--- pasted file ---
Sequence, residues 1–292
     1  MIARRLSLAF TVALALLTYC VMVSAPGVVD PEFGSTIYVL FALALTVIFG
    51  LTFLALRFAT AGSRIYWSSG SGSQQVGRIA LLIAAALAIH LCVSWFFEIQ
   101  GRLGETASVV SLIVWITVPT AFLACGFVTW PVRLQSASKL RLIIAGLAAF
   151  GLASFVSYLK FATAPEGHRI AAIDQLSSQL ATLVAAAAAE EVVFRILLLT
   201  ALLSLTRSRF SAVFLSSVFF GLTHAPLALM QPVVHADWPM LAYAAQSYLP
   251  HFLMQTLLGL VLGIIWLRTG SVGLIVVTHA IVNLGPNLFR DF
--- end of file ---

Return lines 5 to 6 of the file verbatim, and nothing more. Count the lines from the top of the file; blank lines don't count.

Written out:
   151  GLASFVSYLK FATAPEGHRI AAIDQLSSQL ATLVAAAAAE EVVFRILLLT
   201  ALLSLTRSRF SAVFLSSVFF GLTHAPLALM QPVVHADWPM LAYAAQSYLP